The Users’ Executive Committee presented Bob Gassaway with the Tim Renner User Services Award at the 2018 User Meeting, recognizing his longstanding commitment to simultaneously supporting the ALS user community and advancing electrical safety at the ALS. Gassaway is an electronics engineering technologist who came to Berkeley Lab in 1988 after ten years at Lawrence Livermore National Laboratory, where he had learned to build projects according to military specifications. Together with Electrical and Controls Engineering Leader Ken Baptiste, he built the ALS’s linear accelerator in Building 46, which they installed when Building 6 was ready. In the ensuing 30 years, Gassaway has left his mark. From the linear accelerator, to the booster and storage rings, and out to the beamlines, it is difficult to find a space without a Gassaway-built chassis or device.
A typical project begins when a coordinator approaches Gassaway with a schematic. Gassaway gives his feedback and accounts not just for where a power supply, safety device, or other electrical equipment will be installed, but also plans for accessibility for future maintenance. He has also developed the walk-in work request system, which has been valuable when a user travels from afar for beam time but has forgotten a crucial cable that Gassaway helps replace.
The ALS mission to support users in doing outstanding science in a safe environment often requires some modifications to users’ original plans and equipment to conform to ALS safety requirements. Bruce Rude, senior scientific engineering associate, nominated Gassaway for the Renner Award because he is “meticulous and thorough, has a good grasp of safety, and works to the very highest standards in this trade.”
ALS Research Scientist David Kilcoyne noted how Gassaway embodies two essential components of the mission: user support and safety. “The rigorous and precise attention to detail that Bob brings to his work results in ‘works of art’ and has been recognized by his peers for many years. One simply has to look inside one of the boxes Bob assembles to wonder how he manages to interpret the complex 2D electronic and electrical drawings into a 3D physical and complicated functioning entity with logical electronic and electrical circuits and components that are at the heart of an accelerator’s operations.”
When Chemical Safety Specialist Doug Taube sought to implement a safety device to monitor levels of dangerous gases, he turned to Gassaway. “When Bob does something, it’s timely, it’s safe, and it’s art,” said Taube. “The original design was a box on a box on a box,” Gassaway explained. “I consolidated it into one box, locked the parts that shouldn’t be touched, and opened a window for the measurements to be displayed. When you’ve worked somewhere for 30 years, you don’t want to run out of challenges. I like to make the products look good.”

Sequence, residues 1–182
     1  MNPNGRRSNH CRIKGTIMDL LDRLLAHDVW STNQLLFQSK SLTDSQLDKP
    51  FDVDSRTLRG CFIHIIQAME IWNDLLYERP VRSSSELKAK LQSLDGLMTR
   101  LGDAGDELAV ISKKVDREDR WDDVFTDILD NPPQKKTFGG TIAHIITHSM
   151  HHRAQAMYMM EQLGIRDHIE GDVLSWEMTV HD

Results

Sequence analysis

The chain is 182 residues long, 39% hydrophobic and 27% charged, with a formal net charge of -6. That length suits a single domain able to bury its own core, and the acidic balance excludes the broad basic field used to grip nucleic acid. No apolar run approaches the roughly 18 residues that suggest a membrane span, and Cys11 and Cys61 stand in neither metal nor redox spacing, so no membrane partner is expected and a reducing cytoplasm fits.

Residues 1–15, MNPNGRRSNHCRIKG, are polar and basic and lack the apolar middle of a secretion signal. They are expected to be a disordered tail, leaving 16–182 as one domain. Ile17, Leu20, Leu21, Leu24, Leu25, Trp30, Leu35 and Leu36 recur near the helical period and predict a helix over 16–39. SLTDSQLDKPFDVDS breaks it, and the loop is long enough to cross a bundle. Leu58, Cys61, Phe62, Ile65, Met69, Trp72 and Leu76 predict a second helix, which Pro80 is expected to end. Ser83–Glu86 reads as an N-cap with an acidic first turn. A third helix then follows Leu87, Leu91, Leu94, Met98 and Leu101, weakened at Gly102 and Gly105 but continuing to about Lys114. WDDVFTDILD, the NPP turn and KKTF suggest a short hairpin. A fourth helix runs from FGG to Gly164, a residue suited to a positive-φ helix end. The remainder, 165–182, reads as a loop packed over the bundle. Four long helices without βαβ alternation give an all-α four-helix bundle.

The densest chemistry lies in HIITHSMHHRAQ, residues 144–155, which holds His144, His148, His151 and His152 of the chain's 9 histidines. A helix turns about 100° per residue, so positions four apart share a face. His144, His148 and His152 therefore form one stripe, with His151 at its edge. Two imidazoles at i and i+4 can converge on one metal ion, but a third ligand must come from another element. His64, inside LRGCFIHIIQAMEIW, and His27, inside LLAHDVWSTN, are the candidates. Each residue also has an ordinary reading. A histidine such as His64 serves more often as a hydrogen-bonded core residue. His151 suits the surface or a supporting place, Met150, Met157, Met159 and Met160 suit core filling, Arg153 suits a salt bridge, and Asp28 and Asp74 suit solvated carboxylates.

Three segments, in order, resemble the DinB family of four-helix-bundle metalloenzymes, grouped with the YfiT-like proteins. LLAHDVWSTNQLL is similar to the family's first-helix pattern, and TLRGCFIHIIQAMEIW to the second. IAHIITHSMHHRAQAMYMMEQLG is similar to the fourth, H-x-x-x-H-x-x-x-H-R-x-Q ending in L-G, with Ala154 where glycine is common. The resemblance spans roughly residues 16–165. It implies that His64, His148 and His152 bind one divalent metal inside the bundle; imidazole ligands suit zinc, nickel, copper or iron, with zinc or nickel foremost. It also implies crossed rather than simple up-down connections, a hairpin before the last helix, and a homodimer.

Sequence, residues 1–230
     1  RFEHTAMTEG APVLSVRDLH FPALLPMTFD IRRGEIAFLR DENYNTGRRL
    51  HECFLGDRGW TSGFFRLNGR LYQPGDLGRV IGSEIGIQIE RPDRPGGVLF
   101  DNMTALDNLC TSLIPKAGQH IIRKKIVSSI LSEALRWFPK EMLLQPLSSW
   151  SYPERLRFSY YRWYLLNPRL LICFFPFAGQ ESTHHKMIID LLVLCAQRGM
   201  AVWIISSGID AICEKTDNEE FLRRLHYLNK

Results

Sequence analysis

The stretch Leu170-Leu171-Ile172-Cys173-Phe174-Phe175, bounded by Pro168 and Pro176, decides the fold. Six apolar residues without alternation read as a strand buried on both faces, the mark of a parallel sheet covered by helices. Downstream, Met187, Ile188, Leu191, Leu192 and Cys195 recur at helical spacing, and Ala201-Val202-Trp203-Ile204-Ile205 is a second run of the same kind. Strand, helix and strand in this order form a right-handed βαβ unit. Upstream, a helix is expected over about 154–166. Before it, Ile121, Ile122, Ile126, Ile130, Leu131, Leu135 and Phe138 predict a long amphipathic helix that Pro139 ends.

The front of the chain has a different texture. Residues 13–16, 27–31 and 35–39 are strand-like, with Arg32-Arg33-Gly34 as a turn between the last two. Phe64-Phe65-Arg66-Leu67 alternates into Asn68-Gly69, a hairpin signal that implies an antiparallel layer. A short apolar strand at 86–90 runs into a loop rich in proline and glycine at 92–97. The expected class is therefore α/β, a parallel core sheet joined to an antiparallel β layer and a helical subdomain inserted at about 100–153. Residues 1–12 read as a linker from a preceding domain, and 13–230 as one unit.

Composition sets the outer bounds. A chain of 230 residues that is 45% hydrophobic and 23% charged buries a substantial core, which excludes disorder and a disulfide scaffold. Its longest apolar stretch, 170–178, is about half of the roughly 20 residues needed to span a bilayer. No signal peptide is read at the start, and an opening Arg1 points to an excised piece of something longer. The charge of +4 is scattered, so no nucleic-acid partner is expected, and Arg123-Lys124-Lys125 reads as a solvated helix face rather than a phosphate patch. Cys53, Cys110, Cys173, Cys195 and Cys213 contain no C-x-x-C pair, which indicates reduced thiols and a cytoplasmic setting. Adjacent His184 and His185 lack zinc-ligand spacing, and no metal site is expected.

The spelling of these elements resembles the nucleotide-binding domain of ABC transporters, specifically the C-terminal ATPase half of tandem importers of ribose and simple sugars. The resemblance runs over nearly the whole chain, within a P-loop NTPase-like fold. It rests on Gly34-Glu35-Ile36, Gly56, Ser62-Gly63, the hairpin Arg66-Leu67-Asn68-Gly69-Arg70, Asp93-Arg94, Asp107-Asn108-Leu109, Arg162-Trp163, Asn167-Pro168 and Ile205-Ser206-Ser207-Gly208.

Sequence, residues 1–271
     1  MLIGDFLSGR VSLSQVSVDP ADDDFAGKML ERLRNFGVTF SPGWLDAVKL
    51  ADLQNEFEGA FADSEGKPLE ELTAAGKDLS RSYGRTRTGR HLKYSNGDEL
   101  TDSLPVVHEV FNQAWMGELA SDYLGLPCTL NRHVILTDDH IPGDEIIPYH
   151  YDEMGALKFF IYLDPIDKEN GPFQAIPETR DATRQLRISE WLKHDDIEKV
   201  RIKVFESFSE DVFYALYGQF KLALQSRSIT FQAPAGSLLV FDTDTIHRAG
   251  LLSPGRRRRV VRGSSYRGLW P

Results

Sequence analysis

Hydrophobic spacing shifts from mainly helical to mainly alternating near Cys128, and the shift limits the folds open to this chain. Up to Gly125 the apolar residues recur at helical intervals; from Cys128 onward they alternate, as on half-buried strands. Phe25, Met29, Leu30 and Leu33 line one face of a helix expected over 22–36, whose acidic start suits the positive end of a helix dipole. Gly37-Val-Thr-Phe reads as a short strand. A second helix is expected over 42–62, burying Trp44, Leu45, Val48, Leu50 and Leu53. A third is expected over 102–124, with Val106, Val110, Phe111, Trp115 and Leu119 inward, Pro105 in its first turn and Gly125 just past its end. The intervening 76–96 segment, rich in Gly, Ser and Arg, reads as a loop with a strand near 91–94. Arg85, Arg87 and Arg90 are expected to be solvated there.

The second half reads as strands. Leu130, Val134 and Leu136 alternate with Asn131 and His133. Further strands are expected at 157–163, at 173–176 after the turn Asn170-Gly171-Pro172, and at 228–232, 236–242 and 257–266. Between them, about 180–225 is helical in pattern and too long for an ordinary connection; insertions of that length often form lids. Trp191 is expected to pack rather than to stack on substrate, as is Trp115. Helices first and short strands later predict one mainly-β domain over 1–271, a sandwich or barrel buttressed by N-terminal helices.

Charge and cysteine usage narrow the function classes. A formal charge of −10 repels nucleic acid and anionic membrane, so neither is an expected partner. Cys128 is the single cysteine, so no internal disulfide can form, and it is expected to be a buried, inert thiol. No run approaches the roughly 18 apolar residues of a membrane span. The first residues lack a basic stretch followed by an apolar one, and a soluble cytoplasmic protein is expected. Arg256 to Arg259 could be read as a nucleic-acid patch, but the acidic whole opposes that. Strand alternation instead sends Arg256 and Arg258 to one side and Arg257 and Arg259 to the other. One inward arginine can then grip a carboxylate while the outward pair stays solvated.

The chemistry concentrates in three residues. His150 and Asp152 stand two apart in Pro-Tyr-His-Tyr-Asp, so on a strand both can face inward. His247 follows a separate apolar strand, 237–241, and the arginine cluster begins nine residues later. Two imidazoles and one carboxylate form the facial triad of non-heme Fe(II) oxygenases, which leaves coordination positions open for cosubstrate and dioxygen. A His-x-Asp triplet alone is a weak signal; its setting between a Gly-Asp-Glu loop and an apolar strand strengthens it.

Gassaway’s precise and painstaking work has saved many an experiment. Rude described how Gassaway’s problem solving during the swing shift has assisted many users when complications threatened the loss of valuable beam time. “I have personally witnessed many instances of experimenters walking in ‘after hours’ with electrical aberrations or connector failures that need to be repaired or brought up to ALS standards, and Bob has dropped what he was doing to help.”
Kevin Wilson, interim director of the Chemical Sciences Division, which operates Beamline 9.0.2, has firsthand experience with Gassaway’s contributions to the ALS user community. “He helped us arrive at a particularly important solution that requires taking a continuous reading of a high-voltage resistor chain. He designed and fabricated an isolated multimeter in a box that has provided reliable readings in a safe way. His work is superb and has been in operation on one of our instruments for the past eight years.”
The ALS team is committed to providing a safe facility for users to conduct groundbreaking research, and Gassaway has been instrumental in building this environment. When he retires in June 2019, he will be leaving behind a monumental legacy. “Because I’ve been here since day one, I’ve helped come up with solutions to problems we’d never seen before. I try to mentor the younger staff, to impart what I’ve learned.” His work exemplifies the qualities celebrated by the Tim Renner User Service Award.
Tim Renner was a beamline scientist at the ALS whose battle with cancer cut short a career distinguished by a caring attitude and larger-than-life personality. This award recognizes the services of people across the ALS organization who have made outstanding contributions to the ALS user community.